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Jahleel Brenton Carey

98th Regiment of Foot

b. 18 Jul 1847 - d. 22 Feb 1883

son of Adolphus Frederick Carey
and Harriet Mary Brenton

Married: 25 May 1870

Annie Isabella Vine

b. 19 Jan 1852 - d. 1922

daughter of James A Vine
of Falmouth, Jamaica


Edith Isabella
Jahleel Brenton
Pelham Adolphus

- Born Burbage, Hincley, Leicester;
- Educated at the Lycée at Caen,
- Normandy and in England;
- gazetted as Ensign;
- 3rd West India Regiment, 1865;
- served with the Expeditionary
- Force in British Honduras, 1867;
- mentioned in despatches;
- transferred as Lieutenant to
- 98th Regiment, 1868;
- served with The English
- Ambulance during the Franco-
- Prussian War 1870-1;
- mentioned in despatches
- over the loss of the transport
- ship 'The Clyde' on 3rd April 1879;
- Captain, 1879; p.s.c.

The Biography of the Prince Imperial
and the full story of the involvement
of Jahleel Brenton Carey can be seen

More information can be found on
Ian Woodason's Site at

Picture dated 1864
Cadet, Sandhurst, 1864
Provided by Paul Young

Picture dated 1864
Jahleel and his mother, Harriet 1864
Provided by Paul Young

Picture circa 1868
Lieutenant Carey 1868
Provided by Ron Sheeley

Picture circa 1870
Jahleel circa 1870
Provided by Paul Young

Captain Carey 98th Regiment
Captain Carey - 98th Regiment
Provided by Ron Sheeley

Captain Carey
Provided by Ron Sheeley

Biography verified by John Young, Chairman, Anglo-Zulu War Research Society

Engraving of 1879
Engraving from the
Illustrated London News
of 16th August 1879

Provided by Ian Woodason

Memorial of Captain J B Careyque
Regimental Indian Service Memorial, Whittington Barracks, Near Lichfield, Staffordshire, England
Provided by Ian Woodason

The Zulu War 1879

During the Zulu War of 1879, Captain Carey was given leave to accompany a reconnoitring party under the command of the Prince Imperial of France, Louis Napoleon in order to verify a survey made previously. This party was ambushed by Zulus and the Prince Imperial was killed.

Captain Carey was requested to attend a Court of Enquiry. As a result, it was recommended he be tried by Court-Martial for 'Misbehaviour before the Enemy'. The Court-Martial concluded he was guilty and that he should be cashiered from the British Army. However, there was a flaw, the members of the Court-Martial were not sworn in, and when the matter was sent to be ratified in London, this point was raised. The Assistant Judge Advocate General O'Dowd overturned the findings of the Court and Captain Carey was allowed to go free.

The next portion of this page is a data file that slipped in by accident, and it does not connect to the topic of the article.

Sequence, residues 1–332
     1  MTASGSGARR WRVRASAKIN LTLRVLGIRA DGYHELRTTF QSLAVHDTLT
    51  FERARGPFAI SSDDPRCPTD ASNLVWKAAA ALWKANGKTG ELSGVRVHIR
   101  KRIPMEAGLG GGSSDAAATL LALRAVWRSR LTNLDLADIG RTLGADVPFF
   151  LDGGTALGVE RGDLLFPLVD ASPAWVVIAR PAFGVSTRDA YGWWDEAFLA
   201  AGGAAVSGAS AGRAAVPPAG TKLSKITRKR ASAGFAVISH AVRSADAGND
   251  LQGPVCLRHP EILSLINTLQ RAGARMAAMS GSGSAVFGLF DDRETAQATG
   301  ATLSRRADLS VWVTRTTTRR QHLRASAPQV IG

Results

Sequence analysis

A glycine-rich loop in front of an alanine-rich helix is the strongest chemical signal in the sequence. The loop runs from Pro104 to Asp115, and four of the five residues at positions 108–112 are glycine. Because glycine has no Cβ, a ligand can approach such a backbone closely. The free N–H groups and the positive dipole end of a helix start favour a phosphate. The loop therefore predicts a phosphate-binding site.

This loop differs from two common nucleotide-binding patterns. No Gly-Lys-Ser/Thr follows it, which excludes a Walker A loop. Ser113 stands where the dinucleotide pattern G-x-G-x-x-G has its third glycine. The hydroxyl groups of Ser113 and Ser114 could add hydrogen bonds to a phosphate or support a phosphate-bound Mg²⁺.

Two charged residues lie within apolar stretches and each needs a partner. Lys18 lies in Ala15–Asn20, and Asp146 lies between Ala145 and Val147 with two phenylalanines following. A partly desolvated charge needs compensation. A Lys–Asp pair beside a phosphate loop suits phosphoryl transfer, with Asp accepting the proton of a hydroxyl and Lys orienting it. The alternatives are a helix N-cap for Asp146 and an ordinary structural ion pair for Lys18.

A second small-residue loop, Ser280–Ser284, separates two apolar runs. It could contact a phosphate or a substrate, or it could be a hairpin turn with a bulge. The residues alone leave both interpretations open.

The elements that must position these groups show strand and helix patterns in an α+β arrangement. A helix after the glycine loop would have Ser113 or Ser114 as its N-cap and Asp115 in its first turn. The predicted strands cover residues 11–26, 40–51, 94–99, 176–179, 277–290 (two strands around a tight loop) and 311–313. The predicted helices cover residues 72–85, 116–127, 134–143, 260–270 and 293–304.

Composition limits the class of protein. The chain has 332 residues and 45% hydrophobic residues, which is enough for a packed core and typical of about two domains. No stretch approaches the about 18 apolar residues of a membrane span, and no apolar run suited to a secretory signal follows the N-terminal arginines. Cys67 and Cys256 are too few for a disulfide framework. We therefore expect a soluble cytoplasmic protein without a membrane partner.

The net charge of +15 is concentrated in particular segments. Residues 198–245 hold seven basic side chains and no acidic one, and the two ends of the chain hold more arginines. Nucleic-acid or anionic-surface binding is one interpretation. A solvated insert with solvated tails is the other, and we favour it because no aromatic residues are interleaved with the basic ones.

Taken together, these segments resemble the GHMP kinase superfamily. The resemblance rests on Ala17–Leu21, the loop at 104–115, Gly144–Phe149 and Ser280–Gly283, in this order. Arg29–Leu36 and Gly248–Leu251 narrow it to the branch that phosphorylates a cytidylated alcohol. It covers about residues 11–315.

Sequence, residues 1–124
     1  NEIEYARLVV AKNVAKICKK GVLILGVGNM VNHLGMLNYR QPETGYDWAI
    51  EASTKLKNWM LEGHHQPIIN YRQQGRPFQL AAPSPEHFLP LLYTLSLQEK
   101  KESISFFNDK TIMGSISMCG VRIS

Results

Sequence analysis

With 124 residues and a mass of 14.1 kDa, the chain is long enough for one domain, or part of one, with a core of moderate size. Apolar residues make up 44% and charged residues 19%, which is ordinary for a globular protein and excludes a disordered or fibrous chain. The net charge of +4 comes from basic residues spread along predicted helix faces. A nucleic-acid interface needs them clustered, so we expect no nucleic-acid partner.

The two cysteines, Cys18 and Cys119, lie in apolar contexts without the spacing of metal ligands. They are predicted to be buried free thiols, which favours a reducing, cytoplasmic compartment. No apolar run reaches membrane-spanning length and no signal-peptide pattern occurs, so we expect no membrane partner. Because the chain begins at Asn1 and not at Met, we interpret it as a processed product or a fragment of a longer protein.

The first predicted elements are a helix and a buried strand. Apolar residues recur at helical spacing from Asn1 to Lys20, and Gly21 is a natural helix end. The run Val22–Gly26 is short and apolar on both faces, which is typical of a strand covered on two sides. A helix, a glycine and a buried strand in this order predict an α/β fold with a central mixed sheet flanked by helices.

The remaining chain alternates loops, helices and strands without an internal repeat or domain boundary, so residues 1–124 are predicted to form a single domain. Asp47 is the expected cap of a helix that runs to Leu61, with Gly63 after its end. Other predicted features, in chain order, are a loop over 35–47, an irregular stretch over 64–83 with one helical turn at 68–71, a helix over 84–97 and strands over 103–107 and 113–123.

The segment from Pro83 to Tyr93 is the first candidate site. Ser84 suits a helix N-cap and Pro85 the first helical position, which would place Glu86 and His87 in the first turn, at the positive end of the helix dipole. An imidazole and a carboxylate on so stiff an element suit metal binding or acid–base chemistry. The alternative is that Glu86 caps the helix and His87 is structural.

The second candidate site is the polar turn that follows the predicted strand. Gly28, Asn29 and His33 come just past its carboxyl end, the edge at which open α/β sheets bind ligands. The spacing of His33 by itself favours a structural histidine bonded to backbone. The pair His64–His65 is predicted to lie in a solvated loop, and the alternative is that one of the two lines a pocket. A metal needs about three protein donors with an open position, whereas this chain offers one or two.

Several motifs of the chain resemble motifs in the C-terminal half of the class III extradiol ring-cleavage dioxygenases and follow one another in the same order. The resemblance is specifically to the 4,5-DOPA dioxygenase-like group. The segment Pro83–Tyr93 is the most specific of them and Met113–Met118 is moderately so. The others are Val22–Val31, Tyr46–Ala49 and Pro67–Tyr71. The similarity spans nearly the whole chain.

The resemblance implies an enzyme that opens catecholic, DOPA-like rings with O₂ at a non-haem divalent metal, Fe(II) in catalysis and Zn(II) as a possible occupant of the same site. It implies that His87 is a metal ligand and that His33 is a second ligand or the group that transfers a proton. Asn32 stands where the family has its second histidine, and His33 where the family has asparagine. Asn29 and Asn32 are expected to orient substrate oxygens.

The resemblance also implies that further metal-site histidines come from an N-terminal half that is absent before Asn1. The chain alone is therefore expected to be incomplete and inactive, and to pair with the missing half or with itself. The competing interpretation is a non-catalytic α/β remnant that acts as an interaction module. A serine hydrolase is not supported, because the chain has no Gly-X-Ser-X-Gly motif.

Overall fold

He died at the age of 36, believed from peritonitis, in Karachi, India.


Obituary - The Times Newspaper - published March 26th, 1883.

Captain Jahleel Brenton Carey of the North Staffordshire Regiment, whose name attained such notoriety a few years ago in connexion with the death of the Prince Imperial in Zululand, died recently at Kurrachea in his 36th year. The deceased officer was the son of the Rev. Adolphus Frederick Carey, Vicar of Brixham, and was born in 1847. His first commission in the army was that of ensign in the 3rd West India Regiment, to which he was gazetted in 1865 and three years later he attained his lieutenancy in that corps. In 1867 he served with his regiment in the expedition into Yucatan in Central America, on which occasion he was brought to notice in the despatches. In 1870, he was placed on half-pay, and in the following year was posted to the 81st Foot, being in 1873 transferred to the 98th Foot. From 1873 to 1875,

he was garrison adjutant at Jamaica, and on his return home, he entered upon a course of military studies at the Staff College, Sandhurst, where he passed the final examination in 1878. In 1879, he was selected for special service in connexion with the Zulu campaign in South Africa being nominated a deputy-assistant quartermaster-general. On his passage to South Africa he was wrecked in the transport Clyde, and his services on that occasion were mentioned in despatches. In 1879, Captain Carey accompanied the Prince Imperial on the reconnoisance which proved fatal to the latter, and the conduct of the former on that occasion underwent the scrutiny of a court-martial, the result of which was that his sword was returned to him. Captain Carey, who attained that rank in 1879, accompanied his regiment to India in 1880.